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Saved by Bavaria

I just returned from two weeks in southern Germany and northern Austria, better known around here as Bayern (which is Bavaria in German) or as the Tyrol when you cross the border into Austria. If you haven't looked at a map lately I can tell you that this part of Germany contains many cute Bavarian towns, lakes, and mountains, most famously the Alps. The tallest peaks of this range are not in Germany of course, but compared to the unimpressive topography of northern Germany, the Alps in the south are still quite striking. I've been wanting to visit the south since I started taking German language courses as almost all of my teachers have in one way or another made it clear that the cultural norms or rules we learn about Deutschland in class don't really apply in Berlin because it is such an international city. Or, I hear quite often that "Berlin is not Germany" meaning the rigidity and order associated with all things German is definitely represented more accurately outside of Berlin. Berlin is the Ausnahme (exception). So with the goal of visiting 'actual' Germany and hoping to see some mountains, I planned a trip with my friend to a few towns in the Bayern-Tyrol area. Below are some shots from Salzburg and Innsbruck in Austria and Berchtesgaden, Garmisch-Partenkirchen, and Fussen, in Germany.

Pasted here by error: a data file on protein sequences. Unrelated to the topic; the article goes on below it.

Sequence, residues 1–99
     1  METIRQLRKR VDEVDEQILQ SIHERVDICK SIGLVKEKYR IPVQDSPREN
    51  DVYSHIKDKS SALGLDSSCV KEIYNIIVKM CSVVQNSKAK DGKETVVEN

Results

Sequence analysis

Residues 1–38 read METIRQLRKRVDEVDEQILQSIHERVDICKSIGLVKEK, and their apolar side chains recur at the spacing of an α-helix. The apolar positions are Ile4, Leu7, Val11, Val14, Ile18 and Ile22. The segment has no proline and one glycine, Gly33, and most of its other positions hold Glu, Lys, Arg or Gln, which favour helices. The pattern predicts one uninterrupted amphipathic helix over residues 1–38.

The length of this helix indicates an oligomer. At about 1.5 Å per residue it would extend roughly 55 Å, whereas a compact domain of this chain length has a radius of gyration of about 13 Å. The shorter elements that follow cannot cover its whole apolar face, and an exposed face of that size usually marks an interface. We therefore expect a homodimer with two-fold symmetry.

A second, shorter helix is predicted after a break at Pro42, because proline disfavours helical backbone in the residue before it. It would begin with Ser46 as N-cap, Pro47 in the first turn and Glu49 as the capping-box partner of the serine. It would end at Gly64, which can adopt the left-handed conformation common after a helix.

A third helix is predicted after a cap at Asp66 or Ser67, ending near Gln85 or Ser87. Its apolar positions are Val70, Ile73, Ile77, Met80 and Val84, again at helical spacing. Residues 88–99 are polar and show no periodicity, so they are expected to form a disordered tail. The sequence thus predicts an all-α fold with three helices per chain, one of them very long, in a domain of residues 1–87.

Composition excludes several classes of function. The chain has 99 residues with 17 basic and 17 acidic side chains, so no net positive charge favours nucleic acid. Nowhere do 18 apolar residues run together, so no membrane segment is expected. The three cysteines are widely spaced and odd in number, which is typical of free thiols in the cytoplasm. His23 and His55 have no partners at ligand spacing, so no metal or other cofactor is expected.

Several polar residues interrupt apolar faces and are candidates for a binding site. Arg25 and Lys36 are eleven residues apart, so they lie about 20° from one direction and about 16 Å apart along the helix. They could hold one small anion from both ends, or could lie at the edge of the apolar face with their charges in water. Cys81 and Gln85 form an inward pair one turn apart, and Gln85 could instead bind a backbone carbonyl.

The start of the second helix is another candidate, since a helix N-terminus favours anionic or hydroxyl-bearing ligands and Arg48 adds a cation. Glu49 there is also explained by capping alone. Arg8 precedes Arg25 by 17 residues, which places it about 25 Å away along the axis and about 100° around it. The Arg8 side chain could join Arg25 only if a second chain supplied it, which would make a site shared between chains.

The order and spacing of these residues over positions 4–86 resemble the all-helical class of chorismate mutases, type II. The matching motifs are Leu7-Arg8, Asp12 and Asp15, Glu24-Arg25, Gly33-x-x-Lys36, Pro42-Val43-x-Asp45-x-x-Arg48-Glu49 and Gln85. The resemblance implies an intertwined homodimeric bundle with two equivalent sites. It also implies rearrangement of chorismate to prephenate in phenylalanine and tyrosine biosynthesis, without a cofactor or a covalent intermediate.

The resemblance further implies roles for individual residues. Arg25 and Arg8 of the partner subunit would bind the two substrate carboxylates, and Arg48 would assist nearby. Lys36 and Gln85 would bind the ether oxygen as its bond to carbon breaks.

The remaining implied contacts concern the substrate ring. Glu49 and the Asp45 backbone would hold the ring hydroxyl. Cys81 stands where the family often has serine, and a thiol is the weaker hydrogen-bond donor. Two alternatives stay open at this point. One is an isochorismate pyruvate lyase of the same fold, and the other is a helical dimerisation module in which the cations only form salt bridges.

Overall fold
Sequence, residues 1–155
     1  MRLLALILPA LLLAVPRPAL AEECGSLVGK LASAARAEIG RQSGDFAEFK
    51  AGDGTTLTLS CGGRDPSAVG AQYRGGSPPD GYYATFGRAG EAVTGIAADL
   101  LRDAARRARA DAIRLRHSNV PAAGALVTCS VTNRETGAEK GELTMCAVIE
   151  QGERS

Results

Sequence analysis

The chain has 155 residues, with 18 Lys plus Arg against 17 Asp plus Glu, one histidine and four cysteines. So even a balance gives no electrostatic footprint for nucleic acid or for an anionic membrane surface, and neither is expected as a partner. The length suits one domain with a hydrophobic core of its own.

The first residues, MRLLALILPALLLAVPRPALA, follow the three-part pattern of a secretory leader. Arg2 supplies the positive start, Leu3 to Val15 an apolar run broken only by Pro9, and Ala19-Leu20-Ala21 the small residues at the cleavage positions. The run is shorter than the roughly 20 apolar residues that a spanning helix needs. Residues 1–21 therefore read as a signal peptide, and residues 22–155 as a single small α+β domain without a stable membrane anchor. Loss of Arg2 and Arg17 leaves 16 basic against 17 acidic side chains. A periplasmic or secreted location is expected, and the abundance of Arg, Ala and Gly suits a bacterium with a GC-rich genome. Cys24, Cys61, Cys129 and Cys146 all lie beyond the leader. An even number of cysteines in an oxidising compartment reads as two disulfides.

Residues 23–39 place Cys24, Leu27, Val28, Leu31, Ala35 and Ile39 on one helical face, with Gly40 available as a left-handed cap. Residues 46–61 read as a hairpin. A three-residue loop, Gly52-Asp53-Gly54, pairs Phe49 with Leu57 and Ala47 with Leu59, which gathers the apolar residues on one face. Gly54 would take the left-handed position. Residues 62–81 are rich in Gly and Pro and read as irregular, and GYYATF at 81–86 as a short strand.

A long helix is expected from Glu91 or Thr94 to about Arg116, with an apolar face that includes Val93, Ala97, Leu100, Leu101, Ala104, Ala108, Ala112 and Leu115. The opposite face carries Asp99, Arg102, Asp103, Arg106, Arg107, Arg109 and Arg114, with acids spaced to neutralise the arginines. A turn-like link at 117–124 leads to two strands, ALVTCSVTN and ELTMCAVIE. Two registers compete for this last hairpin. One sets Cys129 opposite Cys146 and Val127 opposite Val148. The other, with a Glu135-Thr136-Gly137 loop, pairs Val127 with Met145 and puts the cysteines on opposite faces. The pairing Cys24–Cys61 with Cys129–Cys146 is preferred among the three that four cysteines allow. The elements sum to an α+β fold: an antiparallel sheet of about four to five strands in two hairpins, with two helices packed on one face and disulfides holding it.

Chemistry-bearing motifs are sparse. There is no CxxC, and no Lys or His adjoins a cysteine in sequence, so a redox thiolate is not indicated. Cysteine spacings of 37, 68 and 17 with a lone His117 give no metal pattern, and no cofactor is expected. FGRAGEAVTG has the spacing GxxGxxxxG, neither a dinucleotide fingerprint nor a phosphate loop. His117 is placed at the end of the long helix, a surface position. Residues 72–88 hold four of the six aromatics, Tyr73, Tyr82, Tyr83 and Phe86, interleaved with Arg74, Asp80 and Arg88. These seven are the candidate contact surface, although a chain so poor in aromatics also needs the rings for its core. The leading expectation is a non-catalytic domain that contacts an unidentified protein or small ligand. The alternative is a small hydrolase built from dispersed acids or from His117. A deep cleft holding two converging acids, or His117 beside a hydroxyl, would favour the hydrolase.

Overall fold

Now, I didn't really realize how serious my nature addiction was until I came here. It would appear I really need to abscond to nature every once and a while for my physical well-being (shocker, I know). And while walks in city parks, long bike rides along the countryside, or dipping in a lake outside of town are all excellent outdoor activities, I now know that I must be around significant vertical terrain with dirt and/or rocky trails at least once every six months to achieve my most-stoked self. I need to use my pocket knife to eat some sweaty cheese on a mountain top after a long hike, or swim in a way too cold lake above 1,800 meters/6,000 feet and then dry off with a dirty bandana, or go camping and endure a night or two of horrible sleep in my tent. These crunchy things are my true love and non-negotiable for me. I'm really enjoying living in Berlin, but it is extremely flat and provides no real relief (pun intended) for mountain goats like myself. But to my pleasant surprise, Bayern has come to my rescue and provided me with all the trails, lakes, rivers, mountains, Bergbahnen (gondolas), Klamms (canyons or gorges), trails, and trees I could've asked for. What started out as a simple trip down south to see something outside of Berlin, practice my German, and learn about Bayern culture quite magically turned into the wilderness respite I didn't really realize I needed. So thank you Bayern! I can now sleep peacefully in the cool-but-altitudinally-challenged city I'm currently calling home and I look forward to seeing you and your Klamms again, next summer or sooner.

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